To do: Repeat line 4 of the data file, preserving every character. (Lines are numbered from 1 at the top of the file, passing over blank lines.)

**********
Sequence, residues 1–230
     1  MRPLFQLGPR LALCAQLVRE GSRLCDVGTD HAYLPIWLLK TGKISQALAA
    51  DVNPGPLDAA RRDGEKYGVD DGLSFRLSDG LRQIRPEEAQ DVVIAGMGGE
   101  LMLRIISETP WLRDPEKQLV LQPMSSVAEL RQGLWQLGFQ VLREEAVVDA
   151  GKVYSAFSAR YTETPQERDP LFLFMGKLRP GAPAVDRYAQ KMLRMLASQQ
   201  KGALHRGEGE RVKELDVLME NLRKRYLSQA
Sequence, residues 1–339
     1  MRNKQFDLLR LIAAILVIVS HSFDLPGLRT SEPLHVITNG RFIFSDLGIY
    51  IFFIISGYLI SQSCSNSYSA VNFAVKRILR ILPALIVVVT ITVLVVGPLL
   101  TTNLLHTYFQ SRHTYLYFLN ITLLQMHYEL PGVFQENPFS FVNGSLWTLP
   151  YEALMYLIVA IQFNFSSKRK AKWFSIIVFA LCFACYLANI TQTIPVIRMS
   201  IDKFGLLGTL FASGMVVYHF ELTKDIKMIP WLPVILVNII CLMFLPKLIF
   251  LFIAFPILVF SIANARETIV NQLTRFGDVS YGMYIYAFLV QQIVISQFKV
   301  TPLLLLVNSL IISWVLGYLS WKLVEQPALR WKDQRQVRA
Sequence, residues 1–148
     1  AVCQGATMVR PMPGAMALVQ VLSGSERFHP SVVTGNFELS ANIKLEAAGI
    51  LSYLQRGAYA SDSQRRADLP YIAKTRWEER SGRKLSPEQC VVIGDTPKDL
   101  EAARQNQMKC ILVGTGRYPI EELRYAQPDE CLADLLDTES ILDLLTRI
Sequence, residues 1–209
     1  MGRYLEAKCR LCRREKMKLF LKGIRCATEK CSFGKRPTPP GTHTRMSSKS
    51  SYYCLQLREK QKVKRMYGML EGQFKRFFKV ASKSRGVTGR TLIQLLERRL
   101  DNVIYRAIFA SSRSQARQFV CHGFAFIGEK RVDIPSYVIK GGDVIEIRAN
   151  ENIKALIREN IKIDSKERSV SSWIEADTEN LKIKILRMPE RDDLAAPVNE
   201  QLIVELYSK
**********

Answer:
   101  LMLRIISETP WLRDPEKQLV LQPMSSVAEL RQGLWQLGFQ VLREEAVVDA